While the series has seen many changes from its first game in 1994 to its most recent in 2011, it has also stuck to its open-ended roots as "be anything you want, do anything you want", exploration-oriented adventures. The goal of this post is to pick two games in the series and examine how the titles have changed over time.
The two games that were selected were The Elder Scrolls II: Daggerfall, and The Elder Scrolls V: Skyrim. The reasoning for this is that the series can really be split into two categories, with Arena and Daggerfall being lumped together-- both were DOS games, both used many of the same graphical and audio assets-- and the latter three being grouped as "Morrowind and its clones"; Morrowind re-invented the series with a new game designer, a modern 3d engine, and dramatic accessibility tweaks to the formula, while Oblivion and Skyrim simply followed suit. Thus, it makes sense to pit the so-far "final" representations of both branches against each other.
Character creation and stats - Advantage: Daggerfall
Creating a character in Daggerfall is an incredibly robust and customizable experience, and at each step there are possibilities to let the game roll a character for you. If the player chooses to do all of the steps manually, here is the extent of the possibilities:
- Select a race by clicking on one of eight regions on the map (clicking on "Imperial Province" doesn't do anything)
- Select a sex
- Choose how you want to generate your class, including a full manual option (on which the steps subsequent to this one are based), by picking from one of 18 pre-defined classes, or by answering a series of questions, after which the game will make a recommendation of its own
- Using the class builder, you trade points among the core stats (strength, endurance, intelligence, etc.), select your primary, major, and minor skills from a huge list of possibilities...
- ...and even add special advantages or disadvantages. Want to make a vampire class? Or a werewolf class? Or a superman class that's however too stupid to know its own name? Go ahead!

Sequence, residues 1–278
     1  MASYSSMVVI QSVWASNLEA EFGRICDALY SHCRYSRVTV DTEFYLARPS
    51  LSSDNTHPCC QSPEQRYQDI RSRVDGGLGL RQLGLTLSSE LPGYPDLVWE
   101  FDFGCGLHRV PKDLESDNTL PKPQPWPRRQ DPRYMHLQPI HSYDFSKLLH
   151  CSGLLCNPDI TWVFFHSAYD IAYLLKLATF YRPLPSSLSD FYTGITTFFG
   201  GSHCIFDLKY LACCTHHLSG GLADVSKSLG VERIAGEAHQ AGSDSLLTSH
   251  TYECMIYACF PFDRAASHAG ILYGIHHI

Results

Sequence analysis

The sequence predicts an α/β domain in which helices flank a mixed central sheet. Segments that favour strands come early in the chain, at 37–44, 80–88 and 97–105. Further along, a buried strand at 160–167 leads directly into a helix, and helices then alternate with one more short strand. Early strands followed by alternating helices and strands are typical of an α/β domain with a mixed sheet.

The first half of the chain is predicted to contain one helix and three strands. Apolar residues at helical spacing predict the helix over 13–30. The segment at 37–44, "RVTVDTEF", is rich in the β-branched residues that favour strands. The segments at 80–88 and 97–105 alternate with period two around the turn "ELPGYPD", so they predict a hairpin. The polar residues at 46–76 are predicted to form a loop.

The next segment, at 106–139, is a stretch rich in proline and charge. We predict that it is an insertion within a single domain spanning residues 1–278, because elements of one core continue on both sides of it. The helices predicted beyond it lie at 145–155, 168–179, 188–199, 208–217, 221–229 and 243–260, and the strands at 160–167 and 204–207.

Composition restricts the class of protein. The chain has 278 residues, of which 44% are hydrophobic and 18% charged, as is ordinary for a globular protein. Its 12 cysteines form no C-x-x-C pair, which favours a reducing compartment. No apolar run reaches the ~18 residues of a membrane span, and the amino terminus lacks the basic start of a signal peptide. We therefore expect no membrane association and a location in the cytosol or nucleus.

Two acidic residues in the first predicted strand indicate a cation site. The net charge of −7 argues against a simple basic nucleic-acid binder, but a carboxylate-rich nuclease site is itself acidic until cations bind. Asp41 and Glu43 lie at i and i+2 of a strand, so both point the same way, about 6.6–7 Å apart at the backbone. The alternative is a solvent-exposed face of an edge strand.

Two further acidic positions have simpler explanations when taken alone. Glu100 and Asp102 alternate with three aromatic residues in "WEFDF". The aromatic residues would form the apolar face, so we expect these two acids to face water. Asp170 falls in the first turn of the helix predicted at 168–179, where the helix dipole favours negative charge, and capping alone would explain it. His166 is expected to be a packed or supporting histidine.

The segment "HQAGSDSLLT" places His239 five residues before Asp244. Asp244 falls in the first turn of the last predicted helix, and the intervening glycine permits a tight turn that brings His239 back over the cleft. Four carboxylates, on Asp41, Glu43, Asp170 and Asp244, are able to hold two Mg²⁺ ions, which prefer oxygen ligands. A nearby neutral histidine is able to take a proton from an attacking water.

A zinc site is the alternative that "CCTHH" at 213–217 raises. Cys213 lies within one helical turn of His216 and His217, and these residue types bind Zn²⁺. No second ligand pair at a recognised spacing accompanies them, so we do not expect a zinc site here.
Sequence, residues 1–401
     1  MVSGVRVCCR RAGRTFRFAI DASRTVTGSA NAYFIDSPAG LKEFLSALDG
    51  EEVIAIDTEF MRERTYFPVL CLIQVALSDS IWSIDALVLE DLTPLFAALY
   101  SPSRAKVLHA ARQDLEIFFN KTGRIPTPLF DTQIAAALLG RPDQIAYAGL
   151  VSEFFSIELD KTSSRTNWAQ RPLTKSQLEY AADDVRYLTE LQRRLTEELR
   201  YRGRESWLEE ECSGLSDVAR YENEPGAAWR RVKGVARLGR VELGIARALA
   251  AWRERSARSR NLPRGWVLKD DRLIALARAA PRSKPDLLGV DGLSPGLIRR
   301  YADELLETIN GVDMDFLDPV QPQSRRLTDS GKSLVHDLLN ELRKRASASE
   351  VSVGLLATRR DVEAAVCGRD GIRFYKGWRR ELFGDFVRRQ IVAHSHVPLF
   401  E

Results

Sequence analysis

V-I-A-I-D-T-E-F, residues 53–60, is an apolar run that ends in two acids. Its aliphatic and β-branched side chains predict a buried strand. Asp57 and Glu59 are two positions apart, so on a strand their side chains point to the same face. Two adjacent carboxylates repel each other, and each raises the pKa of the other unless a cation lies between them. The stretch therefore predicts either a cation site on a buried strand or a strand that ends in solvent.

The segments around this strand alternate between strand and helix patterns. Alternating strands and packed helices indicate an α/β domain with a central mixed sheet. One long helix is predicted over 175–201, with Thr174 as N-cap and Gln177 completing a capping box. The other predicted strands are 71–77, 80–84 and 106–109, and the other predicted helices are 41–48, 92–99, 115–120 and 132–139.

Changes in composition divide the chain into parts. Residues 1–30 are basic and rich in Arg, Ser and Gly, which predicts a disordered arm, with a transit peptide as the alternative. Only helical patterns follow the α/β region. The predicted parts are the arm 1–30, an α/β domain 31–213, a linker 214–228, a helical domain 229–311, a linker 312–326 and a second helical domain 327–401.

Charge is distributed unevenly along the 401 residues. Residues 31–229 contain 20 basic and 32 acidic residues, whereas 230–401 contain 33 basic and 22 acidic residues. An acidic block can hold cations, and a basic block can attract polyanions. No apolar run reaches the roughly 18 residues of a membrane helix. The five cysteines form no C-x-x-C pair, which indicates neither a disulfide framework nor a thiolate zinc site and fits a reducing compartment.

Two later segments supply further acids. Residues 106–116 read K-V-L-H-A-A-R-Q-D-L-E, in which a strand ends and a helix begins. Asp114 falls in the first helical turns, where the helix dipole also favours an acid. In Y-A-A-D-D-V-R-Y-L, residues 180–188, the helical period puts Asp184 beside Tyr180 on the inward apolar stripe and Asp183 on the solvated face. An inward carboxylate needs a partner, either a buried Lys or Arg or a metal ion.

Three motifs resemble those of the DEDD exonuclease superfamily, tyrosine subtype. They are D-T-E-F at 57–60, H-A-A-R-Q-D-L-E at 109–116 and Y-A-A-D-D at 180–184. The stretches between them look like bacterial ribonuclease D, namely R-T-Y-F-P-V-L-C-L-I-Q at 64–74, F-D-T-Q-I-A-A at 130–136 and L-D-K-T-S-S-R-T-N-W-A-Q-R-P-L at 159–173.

- You can also configure your starting reputation with the game's various factions
- Depending on which advantages or disadvantages you select, it will be easier or more difficult for your character to level up, as seen by the "Skill Advancement for Class" slider
- Finally, you pick a name, a face from several presets, and how fast you want the combat to be-- a factor that also impacts player the rate of player level advancement
By contrast, creating a character in Skyrim is quite different:
- You watch a lengthy, unskippable cinematic
- Pick from one of ten races
- Configure just about every aspect of your character's appearance, right down to the shape of the bridge of their nose
- Enter the name of your character
You may be wondering then at what point you roll your stats and select or define your class. In Skyrim, unlike almost every other CRPG ever made, there are no stats (strength, dexterity, etc.). And there is also no concept of character class. Instead, you simply get good at whatever skills you use, and you select various special abilities-- like the "Perks" in the Fallout series-- as you increase your ability in these specific skills. Examples of these special abilities are charging critical strikes, the ability to make double-strength healing potions, or the ability to cast stronger illusion spells.